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Creativity is often regarded as a key ingredient in professional success, regardless of field, and rightfully so. Whether you’re a scientist trying to figure out a solution to one of the world’s great problems, a therapist trying to break through with a difficult patient, or a coach looking for new ways to motivate your team, creativity is an essential component in achieving your goals.
But for businesses, creativity can often be seen as make or break. It’s not just about thinking differently as we attempt to solve problems, but finding the most creative ways to communicate how we go about the solving. In a world where dozens of companies are promising the answer to any given question, creative competitive positioning is frequently the only way to make sure your solution gets top billing in the target audience’s mind.
But to say creativity is a necessary part of business success is a lot easier than delivering on creative messaging. Especially in a digital world that moves at warp speed, it’s not difficult for brands to get to a point where they’re settling for “good enough” in order to keep pace with the demands of the marketplace. Breaking out of that cycle can be challenging.
But it doesn’t have to be. Science says so.
Creativity is usually discussed in a very abstract fashion; it’s an intangible and fickle commodity that’s impossible to teach or manufacture. At least, that’s always been the assumption. Recent research suggests otherwise.
In an October 2016 study out of the University of Kent, researchers Anna Jordanous and Bill Keller sought to define what, exactly, creativity was. They, too, found that discussion of creativity frequently took place in the abstract, but they also found that there were common threads in academic circles when discussing the nature and diverse manifestations of creative processes and outputs. Using natural language processing and statistical analysis, they conducted an empirical analysis of the way language was used to describe creativity. They then analyzed the results using a confluence approach, which rests on the idea that creativity exists at the intersection of specific attributes rather than being derived from a single factor.
What they found was that 14 specific ideas continuously surfaced in conversations about creativity.
While there are certainly ideas in this mix that remain intangible, the most interesting takeaway is that the bulk of these ideas relate to process, not inherent ability. Creativity appears to have much more to do with how we practice in our given realm than it does some innate quality. In other words, it is something that can be cultivated under the right circumstances.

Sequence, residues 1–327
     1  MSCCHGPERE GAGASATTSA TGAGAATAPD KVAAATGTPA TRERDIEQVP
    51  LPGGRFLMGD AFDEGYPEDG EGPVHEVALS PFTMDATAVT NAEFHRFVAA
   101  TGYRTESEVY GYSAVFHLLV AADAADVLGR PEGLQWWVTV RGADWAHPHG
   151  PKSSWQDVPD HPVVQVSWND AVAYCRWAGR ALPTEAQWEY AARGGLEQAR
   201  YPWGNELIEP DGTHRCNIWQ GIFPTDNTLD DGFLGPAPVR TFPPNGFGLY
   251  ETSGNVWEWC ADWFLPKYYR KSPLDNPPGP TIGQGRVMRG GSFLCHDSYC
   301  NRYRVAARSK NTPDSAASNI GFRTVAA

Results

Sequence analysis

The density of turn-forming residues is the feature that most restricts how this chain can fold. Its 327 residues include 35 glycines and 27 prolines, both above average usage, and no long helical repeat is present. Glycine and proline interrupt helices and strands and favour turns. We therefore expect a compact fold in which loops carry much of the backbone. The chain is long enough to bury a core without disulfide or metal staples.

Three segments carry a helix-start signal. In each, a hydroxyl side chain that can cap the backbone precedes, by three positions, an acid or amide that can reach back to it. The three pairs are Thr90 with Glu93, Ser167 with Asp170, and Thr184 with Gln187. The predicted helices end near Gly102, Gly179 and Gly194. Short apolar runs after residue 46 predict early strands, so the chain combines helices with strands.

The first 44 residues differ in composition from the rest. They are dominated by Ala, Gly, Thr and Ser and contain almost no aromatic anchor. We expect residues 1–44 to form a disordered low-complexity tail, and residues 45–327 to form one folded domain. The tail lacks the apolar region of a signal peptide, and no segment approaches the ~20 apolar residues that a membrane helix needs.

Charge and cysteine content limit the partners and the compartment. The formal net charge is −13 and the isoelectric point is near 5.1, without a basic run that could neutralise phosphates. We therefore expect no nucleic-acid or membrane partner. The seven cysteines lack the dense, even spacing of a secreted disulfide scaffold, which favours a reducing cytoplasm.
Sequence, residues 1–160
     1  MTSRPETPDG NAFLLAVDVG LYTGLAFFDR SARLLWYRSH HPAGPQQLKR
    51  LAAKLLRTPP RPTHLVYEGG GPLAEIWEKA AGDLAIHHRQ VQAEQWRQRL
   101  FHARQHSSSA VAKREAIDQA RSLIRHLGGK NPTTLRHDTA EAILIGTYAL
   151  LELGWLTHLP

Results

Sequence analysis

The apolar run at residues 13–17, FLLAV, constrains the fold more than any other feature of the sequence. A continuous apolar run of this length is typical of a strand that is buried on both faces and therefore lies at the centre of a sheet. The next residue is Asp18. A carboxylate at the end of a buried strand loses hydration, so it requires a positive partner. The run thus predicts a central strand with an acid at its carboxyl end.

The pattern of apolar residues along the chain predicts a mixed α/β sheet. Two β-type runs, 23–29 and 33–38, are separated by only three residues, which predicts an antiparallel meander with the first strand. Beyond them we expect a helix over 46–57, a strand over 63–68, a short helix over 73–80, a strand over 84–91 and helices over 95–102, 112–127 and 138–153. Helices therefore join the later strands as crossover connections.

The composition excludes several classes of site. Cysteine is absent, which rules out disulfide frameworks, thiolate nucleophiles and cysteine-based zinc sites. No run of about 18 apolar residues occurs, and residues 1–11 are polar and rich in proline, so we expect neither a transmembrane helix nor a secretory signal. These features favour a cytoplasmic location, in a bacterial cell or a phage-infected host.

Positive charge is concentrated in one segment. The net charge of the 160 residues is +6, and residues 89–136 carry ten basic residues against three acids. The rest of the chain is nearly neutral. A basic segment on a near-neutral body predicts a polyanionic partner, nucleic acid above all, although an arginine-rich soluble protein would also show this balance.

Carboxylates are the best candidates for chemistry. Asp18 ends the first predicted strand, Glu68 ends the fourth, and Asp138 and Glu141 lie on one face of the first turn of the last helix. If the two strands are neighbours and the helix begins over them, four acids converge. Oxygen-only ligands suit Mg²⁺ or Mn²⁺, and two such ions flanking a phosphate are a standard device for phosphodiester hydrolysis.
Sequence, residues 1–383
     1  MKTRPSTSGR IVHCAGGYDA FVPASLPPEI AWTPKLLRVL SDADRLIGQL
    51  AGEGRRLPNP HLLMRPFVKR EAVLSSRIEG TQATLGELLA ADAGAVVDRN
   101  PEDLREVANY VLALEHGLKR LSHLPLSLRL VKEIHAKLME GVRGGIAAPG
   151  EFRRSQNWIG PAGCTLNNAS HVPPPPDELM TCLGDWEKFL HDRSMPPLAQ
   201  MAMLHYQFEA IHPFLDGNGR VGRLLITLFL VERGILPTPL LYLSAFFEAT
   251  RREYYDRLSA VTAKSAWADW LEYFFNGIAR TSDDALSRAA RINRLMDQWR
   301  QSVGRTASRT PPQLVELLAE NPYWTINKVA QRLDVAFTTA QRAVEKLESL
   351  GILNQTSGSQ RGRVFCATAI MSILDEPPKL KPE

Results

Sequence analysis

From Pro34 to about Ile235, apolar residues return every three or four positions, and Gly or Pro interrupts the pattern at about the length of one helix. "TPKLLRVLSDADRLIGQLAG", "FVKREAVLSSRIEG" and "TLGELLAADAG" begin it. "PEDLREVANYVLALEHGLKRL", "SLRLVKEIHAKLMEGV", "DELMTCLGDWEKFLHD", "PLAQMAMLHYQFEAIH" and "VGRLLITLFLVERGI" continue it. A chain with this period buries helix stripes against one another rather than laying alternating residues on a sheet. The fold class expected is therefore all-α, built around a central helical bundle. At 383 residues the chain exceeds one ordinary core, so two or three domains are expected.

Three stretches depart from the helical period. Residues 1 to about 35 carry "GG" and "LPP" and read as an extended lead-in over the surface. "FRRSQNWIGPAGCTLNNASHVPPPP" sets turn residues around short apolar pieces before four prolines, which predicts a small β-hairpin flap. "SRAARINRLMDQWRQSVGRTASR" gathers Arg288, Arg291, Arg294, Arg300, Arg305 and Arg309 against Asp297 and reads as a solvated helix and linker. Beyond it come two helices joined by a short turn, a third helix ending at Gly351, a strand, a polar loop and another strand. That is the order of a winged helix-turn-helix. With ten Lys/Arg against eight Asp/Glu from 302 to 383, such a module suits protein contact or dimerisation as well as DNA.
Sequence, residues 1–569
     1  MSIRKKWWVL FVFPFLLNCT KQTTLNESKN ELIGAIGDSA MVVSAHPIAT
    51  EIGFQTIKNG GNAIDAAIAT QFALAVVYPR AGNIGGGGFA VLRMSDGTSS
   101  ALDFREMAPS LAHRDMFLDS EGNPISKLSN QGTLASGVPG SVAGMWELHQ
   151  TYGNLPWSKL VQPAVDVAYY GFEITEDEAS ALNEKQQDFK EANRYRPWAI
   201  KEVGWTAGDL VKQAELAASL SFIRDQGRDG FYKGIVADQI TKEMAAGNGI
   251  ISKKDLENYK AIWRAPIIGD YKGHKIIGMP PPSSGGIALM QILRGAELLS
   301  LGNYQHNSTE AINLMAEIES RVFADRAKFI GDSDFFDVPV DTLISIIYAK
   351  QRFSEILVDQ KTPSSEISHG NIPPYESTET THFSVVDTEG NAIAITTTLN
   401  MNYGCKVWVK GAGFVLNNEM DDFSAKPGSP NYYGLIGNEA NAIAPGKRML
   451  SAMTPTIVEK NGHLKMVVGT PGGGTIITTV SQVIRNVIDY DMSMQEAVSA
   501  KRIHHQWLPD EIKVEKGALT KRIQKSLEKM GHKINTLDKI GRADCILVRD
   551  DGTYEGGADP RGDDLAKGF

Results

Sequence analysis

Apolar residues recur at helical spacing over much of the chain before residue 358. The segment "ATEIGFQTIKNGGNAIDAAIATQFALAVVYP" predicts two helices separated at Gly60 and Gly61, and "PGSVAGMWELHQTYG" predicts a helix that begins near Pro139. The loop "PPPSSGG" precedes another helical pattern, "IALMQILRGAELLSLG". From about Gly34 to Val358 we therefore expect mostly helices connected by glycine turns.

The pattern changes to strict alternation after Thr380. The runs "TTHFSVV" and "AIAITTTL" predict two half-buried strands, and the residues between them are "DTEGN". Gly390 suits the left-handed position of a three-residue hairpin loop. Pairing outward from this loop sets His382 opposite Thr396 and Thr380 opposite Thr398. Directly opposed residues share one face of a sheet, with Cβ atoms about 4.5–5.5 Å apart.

Additional research from November 2016 supports and expands upon the idea that creativity can be developed. Researchers from New Zealand, Minnesota, and North Carolina worked together to determine the impact of creative activity on well-being and future creativity. What they discovered was that creative activity led to a positive impact on an individual’s enthusiasm and energy, which lead to greater creative activity. Each day of creative engagement compounded the positive effects of the days preceding it.
These two studies, held relative to one another, carry an important lesson: if creativity is process driven, and continued creative engagement leads to increased enthusiasm and creative output, there is no need for businesses to hit that creativity rut. It’s said that practice makes perfect. That seems to apply to creative endeavors as well.
The problem, it seems, is building these processes into your preexisting systems. For many companies, incorporation of the 14 elements listed by Jordanous and Keller may seem an overwhelming proposition. This is where crowdsourcing can come into play. Think about it:
- Crowdsourced design projects mandate active involvement and persistence as well as social interaction and communication in order to yield positive results. Interaction with the dozens of designers participating in your project is key to making sure your vision is realized, lending itself to the necessary elements of progression and development.
- It requires clear stated intentions and desired emotional responses for the designers to deliver a final product you can be proud of, but the lack of direct control also forces practice in dealing with uncertainty within a realm of already established general intellect and domain competence as you grand independence and freedom to the designers seeking to win your business.
- The litany of design concepts you’ll face force you to balance the often competing forces of thinking and evaluation, spontanaeity and subconscious processing, value determinations, and an openness to variety, divergence, and experimentation as you move forward in your quest for originality.
In other words, posting a crowdsourced design project is a perfect starting point (and refresher) for those trying to foster sustainable creative efforts within their business. You get a one week crash course designed to make you think differently about how you approach the creative process, and a stellar final result to boot.
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